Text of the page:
|Review:||Violet Gryfindor says:|
Wow! Where to start! This story has so much going on and so much going for it - of all the possible situations I've ever imagined for Pansy, this is definitely not one of them, and you address that wonderfully because Pansy feels the same way. I loved that part at the beginning where she describes her upbringing and how her parents did everything to keep her life perfect. That suits the canon Pansy... well... perfectly. It explains quite a lot about her snobbishness and the way that she makes fun of Hermione - who would certainly be, in Pansy's eyes, the ultimate imperfect. It doesn't make her actions forgivable, but it does put them into perspective. You emphasize how Pansy was raised to a particular way of life and, more importantly, a particular ideology that she's been cruelly wrenched away from. You've positioned her so that she's forced to live an entirely different existence, yet she doesn't give up and doesn't show any signs of weakness. Here, in all places, she's able to do what she refused to do at the Battle of Hogwarts: fight.
The one thing that I'm not sure about in this story is the breaking of Pansy's wand. That's a pretty drastic thing to have done, and I'd like to hear more about it at some point in this story. How many others are in Pansy's situation? What kind of measures did the Ministry think were necessary against anyone associated with the Death Eaters? Is Pansy sent to Nevada, or does she choose it as a place safely far enough away from home? I want to know more! But I suppose that's the whole point of a prologue - to make your poor readers thirsty for more.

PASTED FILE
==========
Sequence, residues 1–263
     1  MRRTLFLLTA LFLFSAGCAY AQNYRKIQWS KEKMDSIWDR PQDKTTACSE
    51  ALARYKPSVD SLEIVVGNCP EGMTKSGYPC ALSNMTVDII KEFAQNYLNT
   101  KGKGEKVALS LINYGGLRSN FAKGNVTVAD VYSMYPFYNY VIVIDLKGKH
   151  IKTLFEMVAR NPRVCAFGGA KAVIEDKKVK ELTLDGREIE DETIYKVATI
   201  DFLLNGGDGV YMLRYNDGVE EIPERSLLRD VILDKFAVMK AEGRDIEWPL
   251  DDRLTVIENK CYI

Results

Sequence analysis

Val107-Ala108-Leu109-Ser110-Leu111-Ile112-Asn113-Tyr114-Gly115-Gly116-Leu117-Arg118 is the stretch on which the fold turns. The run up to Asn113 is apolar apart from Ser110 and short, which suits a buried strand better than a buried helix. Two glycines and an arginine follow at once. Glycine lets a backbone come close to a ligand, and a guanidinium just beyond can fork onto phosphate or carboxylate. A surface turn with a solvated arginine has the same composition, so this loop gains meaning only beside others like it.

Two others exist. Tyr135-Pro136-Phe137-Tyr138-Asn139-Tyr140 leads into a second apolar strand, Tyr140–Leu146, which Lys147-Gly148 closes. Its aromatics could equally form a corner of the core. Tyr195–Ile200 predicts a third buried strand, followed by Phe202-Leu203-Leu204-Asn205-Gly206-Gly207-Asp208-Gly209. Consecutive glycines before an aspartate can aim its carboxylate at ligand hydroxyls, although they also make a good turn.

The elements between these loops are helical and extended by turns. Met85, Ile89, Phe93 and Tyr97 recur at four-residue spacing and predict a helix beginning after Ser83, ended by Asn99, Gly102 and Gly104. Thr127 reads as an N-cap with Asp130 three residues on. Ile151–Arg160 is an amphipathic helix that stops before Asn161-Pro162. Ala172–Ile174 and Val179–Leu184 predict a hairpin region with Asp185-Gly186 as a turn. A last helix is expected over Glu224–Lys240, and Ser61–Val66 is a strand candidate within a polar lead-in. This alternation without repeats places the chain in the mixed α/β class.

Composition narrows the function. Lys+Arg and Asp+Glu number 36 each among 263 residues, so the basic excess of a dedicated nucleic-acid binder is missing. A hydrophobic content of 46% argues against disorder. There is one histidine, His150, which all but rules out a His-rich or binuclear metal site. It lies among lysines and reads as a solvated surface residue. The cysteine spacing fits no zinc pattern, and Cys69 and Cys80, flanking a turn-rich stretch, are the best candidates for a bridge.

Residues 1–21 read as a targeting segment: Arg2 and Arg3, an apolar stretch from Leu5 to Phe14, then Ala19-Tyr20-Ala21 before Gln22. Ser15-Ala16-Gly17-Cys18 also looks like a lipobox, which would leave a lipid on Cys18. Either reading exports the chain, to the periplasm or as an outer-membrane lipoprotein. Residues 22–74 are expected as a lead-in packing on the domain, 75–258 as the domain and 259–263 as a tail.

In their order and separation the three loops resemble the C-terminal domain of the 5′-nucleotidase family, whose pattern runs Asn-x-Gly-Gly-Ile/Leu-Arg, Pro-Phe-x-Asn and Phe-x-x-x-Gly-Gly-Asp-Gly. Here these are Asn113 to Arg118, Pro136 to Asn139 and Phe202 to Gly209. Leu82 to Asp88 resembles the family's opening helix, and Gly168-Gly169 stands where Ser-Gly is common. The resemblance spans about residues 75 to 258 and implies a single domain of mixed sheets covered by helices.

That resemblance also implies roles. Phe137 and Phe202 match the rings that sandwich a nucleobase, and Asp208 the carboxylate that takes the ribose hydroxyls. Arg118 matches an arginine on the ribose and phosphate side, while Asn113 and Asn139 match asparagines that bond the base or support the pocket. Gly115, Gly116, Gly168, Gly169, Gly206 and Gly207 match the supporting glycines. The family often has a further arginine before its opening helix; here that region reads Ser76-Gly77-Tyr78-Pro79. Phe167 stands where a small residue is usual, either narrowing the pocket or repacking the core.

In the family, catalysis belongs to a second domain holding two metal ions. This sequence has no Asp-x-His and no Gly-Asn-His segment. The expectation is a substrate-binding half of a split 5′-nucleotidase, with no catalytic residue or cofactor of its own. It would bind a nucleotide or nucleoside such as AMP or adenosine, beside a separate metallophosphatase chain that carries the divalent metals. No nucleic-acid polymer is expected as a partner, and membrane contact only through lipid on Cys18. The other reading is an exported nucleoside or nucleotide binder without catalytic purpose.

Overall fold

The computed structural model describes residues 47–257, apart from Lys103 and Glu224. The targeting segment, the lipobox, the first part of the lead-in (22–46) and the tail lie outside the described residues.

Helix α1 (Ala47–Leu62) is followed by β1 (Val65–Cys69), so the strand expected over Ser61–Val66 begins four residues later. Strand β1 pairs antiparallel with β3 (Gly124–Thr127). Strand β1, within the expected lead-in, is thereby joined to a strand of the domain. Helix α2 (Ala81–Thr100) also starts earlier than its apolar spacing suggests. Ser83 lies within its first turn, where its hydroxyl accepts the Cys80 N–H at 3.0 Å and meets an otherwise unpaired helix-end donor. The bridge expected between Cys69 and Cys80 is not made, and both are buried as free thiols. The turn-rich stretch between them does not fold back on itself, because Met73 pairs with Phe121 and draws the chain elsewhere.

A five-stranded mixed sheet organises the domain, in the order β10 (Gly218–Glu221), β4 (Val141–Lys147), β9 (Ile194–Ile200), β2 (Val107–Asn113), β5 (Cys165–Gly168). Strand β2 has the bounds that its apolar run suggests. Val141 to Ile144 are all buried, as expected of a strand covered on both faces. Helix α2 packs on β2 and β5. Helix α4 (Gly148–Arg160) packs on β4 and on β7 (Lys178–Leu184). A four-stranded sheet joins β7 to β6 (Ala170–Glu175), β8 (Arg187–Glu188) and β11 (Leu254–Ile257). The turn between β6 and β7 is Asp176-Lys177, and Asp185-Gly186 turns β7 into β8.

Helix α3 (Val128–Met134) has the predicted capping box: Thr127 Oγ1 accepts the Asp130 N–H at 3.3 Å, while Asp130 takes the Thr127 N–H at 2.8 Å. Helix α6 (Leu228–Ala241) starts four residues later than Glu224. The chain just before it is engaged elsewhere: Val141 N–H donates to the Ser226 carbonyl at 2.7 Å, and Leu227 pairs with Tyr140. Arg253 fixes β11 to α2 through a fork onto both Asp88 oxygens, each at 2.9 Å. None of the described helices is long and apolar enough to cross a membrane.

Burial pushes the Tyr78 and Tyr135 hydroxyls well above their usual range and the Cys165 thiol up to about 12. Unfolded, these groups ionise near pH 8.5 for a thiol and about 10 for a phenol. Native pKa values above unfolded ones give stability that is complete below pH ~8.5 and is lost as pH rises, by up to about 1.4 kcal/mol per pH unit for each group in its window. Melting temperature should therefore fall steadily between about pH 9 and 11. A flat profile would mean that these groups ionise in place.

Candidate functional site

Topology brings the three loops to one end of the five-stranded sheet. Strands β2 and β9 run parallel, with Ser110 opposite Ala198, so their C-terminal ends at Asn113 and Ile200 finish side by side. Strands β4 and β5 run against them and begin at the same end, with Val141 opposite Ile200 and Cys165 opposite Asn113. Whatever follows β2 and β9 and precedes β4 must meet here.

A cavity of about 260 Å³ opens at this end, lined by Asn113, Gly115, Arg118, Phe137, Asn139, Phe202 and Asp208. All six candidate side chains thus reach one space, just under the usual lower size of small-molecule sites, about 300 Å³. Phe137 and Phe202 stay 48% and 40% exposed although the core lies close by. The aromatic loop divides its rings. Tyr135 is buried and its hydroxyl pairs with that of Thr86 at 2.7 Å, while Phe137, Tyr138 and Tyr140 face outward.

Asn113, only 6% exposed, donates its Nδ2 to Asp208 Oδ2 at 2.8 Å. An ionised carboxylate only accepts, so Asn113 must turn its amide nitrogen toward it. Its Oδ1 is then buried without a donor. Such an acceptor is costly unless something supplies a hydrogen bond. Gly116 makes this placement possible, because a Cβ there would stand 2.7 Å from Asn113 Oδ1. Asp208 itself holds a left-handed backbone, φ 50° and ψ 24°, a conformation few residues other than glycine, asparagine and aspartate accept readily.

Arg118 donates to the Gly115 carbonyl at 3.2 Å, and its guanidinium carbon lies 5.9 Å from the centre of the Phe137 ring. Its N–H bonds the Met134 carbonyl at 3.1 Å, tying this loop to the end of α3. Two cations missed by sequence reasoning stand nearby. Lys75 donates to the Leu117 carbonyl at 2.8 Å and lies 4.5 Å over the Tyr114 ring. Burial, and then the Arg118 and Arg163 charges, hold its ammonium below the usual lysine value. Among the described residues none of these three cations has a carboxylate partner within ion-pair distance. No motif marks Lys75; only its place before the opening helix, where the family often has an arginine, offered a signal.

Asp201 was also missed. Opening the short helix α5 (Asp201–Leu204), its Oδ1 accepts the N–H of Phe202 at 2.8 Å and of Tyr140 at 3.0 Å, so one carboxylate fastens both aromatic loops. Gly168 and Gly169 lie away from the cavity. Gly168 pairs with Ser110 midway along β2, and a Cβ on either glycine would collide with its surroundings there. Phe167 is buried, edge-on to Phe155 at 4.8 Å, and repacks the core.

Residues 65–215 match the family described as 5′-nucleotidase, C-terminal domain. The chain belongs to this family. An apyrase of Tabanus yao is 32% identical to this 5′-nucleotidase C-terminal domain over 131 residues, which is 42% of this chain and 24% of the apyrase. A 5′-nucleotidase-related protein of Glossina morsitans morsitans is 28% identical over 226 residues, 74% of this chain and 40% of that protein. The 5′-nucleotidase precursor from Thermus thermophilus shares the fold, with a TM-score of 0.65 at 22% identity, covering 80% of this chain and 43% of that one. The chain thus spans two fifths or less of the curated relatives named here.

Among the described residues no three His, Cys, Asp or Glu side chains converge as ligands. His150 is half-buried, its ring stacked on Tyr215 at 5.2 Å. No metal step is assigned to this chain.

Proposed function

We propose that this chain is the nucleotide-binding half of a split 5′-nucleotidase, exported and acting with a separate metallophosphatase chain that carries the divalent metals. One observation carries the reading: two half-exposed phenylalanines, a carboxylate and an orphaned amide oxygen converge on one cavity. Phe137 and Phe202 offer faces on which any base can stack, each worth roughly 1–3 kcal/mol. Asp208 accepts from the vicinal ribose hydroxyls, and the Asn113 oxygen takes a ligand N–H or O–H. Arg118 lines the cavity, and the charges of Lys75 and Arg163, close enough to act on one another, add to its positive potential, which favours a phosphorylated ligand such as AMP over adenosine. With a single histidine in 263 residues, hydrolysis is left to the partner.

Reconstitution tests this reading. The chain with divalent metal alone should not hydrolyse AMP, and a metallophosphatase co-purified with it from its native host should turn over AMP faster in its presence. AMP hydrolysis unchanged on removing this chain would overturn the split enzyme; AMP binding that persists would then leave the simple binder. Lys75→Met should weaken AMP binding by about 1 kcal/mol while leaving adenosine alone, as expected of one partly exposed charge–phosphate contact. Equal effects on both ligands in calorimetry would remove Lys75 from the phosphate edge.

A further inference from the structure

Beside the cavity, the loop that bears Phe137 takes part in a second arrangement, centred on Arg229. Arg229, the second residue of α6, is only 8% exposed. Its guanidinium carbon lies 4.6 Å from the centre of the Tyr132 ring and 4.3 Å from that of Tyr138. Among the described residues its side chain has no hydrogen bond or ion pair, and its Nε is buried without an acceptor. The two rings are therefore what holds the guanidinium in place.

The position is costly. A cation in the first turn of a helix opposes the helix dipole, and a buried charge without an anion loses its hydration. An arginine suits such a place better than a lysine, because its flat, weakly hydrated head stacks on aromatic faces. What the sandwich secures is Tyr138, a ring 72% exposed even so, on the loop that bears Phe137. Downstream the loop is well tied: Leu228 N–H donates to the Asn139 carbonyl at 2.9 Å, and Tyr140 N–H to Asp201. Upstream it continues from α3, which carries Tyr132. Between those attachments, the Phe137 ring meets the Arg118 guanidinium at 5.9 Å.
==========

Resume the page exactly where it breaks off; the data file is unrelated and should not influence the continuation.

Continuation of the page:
This is excellently-written, which is of course no surprise. I really like your take on Pansy and her future after the war - it's fresh and original, and it'll be fantastic to see where you take this story. I'm very glad to have had the opportunity to read it!
Author's Response: Hello, Susan! Wow, thank you! Coming from such a talented author as yourself, I'm really pleased that you're enjoying this story, and my interpretation of Pansy! I certainly do feel like she would be brought up to aim for a standard, and that standard is perfection. In fact, this is why I love making her current situation so imperfect, because it shows the resilience that I don't think she realizes she has. She won't fight for Voldemort, or Harry, but here, she'll fight for herself, and I love her selfishness because it's very black-and-white.
That definitely will be explored in a future chapter; I was concerned about being repetitive and interrupting the flow of this prologue. I agree that it was a drastic thing, but after Draco and Lucius walked free with Harry's assistance, I think the Ministry wanted vengeance and Pansy became the scapegoat. Again, this will be explored in the future - chapter three, if all goes to plan.
Thank you so much for your lovely comments on this story, and it's great to hear that you're finding it original! I hope the future chapters are as enjoyable for you as this prologue is! :)